A place we used to know
Young people are leading the environmental revolution. Worldwide, pioneers like Greta Thunberg, Xiuhtezcatl Martinez and the organizers of the Sunrise Movement are shaping the way we view the climate crisis and hold institutions and corporations accountable.
At Northwestern, students dedicate immeasurable time and energy to advancing this cause. Our 17 environmental campus organizations work to reduce waste, create solar-powered vehicles, maintain environments for native species, rethink food systems and much more.
In environmental science and engineering classes, we learn how to manage sustainable food, water and energy supplies. In political science and environmental policy classes, we discuss the best policy approaches to protect our resources and communities. In history and humanities courses, we question historical and contemporary issues of land rights and environmental justice. In our art and film work, we use visuals to cope with our eco-anxiety.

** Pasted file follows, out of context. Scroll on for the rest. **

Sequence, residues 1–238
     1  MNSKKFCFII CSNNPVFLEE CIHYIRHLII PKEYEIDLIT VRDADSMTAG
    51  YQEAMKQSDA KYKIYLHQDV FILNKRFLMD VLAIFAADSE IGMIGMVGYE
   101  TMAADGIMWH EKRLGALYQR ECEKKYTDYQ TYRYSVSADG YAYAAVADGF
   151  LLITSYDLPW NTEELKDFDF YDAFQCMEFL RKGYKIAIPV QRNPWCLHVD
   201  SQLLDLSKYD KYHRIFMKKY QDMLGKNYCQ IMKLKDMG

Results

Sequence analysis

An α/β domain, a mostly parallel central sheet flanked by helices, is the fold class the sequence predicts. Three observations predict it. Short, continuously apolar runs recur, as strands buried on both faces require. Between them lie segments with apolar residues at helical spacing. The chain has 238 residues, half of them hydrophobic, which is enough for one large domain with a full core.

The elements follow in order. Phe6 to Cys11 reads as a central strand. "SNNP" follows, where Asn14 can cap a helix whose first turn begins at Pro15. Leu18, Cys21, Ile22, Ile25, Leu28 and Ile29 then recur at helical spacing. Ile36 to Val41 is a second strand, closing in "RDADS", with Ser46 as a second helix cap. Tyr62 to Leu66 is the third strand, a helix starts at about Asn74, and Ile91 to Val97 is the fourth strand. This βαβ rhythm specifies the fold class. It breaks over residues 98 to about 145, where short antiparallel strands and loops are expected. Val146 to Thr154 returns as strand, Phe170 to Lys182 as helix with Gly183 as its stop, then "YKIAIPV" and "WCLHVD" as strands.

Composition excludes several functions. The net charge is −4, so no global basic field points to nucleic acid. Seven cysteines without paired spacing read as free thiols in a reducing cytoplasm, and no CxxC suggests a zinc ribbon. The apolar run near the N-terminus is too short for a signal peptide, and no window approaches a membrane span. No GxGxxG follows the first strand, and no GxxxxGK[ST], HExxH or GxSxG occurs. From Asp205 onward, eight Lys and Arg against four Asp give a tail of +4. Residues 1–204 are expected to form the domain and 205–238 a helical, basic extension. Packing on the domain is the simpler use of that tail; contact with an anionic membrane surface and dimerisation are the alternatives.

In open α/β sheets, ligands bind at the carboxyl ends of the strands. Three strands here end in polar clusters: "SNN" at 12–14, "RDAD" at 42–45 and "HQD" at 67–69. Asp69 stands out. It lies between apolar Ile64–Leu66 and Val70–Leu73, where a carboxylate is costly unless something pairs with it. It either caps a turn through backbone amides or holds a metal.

Increasingly, our intellectual and physical work is filtered through the lens of sustainability and environmentalism. In our daily lives, we make decisions about what our footprint will be. Some make their own beauty products, organize teach-ins on the effects of supporting fossil fuel firms and choose to ditch their car for a bike. Each action is significant.
Here’s a look at how Northwestern and its students grappled with environmentalism in the past, work toward creating solutions in the present and prepare for an uncertain future.
Amid a growing low-waste movement, some Northwestern students are making their own sustainable lifestyle changes.Maggie Galloway